IITs and Asia in 2020

In recent years as world’s attention is drawn to Asia and its rising giant India with Indian professionals becoming increasingly visible across the globe, it is only natural that some of the luminaries among Indian Diaspora and local think tanks gather under the auspices of iconic Indian Institute of Technology to discuss on how they could deepen their impact in the coming decade.

Coming close on the heels of  the earlier month’s PBD a conference themed “IIT Everywhere-Asia 2020” held in Shangri-la hotel on the 22nd Nov,2008. in partnership with Contact Singapore ,had speakers and delegates to discuss on a diverse range of  topics  – leadership, education to technology and development.

At the opening, the guest of honor Dr. Vivien Balakrishnan, exemplified the role of the Indian professionals played in the fast developing Singapore’s economy and welcomed the inflow of more Indian professionals stating that India’s vast resource of talent from Institutions like IITs could easily “plug and play” in the meritocratic society of Singapore.

The  Leadership track  took off  on a  serious note as Kishore Mahbubani Dean of Lee kuan yew school of public policy posed a challenge to the audience to find solutions for the problems like global warming, global financial crisis being faced by the world today that were actually  the  result of globalization. “The call of the hour is the need for Global Leadership by the nation states which could transcend the national borders and, he added, “a leadership that has more substance than style.”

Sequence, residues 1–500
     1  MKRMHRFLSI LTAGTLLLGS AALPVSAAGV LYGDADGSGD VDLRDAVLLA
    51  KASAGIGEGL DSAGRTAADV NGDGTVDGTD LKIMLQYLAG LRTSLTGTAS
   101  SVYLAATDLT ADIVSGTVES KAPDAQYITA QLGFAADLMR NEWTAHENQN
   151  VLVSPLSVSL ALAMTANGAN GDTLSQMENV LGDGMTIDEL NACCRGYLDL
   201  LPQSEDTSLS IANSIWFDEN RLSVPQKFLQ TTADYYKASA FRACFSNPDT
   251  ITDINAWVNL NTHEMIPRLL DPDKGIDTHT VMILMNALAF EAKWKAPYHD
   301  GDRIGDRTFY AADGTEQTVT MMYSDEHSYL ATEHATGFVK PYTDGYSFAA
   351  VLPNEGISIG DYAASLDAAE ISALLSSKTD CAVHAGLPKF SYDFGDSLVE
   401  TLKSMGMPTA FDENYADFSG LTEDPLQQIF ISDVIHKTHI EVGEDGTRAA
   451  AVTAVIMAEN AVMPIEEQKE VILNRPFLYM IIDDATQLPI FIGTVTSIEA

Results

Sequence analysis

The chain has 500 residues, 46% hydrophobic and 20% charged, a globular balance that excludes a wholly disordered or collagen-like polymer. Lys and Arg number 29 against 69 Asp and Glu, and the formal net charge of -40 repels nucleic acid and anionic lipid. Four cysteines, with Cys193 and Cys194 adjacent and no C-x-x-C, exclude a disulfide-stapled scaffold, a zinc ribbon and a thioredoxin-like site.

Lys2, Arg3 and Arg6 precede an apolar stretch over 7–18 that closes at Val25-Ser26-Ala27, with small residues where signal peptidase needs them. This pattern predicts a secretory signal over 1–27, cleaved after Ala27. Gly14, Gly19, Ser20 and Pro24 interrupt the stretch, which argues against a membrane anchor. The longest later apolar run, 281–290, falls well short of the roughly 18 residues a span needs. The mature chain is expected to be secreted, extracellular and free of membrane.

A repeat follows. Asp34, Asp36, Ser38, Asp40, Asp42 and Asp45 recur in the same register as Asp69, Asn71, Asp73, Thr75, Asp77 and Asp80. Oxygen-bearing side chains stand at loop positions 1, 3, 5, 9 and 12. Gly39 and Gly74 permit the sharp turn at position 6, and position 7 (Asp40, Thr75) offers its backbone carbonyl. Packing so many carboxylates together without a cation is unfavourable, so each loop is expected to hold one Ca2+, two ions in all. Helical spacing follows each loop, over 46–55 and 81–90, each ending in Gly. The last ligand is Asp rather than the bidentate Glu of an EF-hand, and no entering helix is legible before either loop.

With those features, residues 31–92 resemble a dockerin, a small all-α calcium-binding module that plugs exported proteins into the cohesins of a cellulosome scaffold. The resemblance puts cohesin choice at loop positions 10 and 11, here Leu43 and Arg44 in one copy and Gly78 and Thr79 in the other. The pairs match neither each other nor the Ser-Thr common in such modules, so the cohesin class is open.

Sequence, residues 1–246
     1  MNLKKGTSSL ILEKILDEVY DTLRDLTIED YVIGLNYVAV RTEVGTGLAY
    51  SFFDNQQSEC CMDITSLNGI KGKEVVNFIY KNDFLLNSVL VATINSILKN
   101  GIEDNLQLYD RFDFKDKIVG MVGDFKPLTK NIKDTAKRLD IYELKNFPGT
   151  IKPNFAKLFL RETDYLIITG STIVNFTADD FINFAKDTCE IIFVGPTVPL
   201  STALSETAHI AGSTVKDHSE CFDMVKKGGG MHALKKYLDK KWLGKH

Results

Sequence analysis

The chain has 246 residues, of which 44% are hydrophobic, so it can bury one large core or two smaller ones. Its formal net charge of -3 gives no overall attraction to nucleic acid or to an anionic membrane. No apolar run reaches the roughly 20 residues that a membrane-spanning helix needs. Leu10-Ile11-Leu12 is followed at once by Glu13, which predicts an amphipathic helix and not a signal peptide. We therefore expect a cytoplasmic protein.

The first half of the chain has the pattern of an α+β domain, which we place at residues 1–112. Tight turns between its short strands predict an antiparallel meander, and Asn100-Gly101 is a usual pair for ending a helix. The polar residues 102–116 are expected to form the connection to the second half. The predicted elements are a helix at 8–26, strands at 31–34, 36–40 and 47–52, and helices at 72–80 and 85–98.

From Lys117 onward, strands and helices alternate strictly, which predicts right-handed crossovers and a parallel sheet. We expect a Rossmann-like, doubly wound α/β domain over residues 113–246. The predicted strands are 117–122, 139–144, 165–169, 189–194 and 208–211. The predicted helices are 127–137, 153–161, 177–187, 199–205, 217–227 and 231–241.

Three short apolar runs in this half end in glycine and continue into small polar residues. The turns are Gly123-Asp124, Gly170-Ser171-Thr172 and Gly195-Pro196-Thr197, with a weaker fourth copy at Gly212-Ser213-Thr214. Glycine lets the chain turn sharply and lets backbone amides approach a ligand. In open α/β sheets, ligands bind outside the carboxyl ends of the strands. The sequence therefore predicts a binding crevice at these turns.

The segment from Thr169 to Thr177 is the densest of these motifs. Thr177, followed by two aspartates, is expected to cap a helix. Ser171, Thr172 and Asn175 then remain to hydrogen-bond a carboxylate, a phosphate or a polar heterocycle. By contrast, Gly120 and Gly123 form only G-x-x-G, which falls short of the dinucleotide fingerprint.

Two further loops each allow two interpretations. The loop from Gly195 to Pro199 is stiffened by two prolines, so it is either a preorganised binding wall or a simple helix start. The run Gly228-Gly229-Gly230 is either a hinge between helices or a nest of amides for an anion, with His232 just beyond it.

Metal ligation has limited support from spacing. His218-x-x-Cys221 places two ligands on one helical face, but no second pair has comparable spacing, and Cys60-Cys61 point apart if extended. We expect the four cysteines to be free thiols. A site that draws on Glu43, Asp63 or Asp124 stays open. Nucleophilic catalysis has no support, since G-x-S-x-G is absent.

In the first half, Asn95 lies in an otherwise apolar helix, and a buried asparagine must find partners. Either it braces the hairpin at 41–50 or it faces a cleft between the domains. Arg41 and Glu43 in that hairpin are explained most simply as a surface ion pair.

The Editor of The Hindu Mr. N.Ravi gave the example of Coalition politics, a political leadership style that was accommodative and “adapted to the changing needs of the times”.

As education permeates every aspect of the social fabric, the academics from the IITs in India and also from Singapore mused on the evolving educational landscapes by Indians in the global arena. The best example is the Global Indian Foundation with its network of International schools, GIIS.

While overseas IITians’ remittance to their country has received increased Indian government’s adulation lately, how could the educationists gathered there leave out the topic of the need to raise the remuneration for the teaching staff which could go a long way in producing better students and better engineers in the coming decade?   With future’s dynamic markets and rising need for speed and flexibility, they felt, it is of utmost importance to explore and exploit technology fronts. While IIT prepares a student to face the world with newly acquired skills, the ability to think and solve problems is something that gives him an extra edge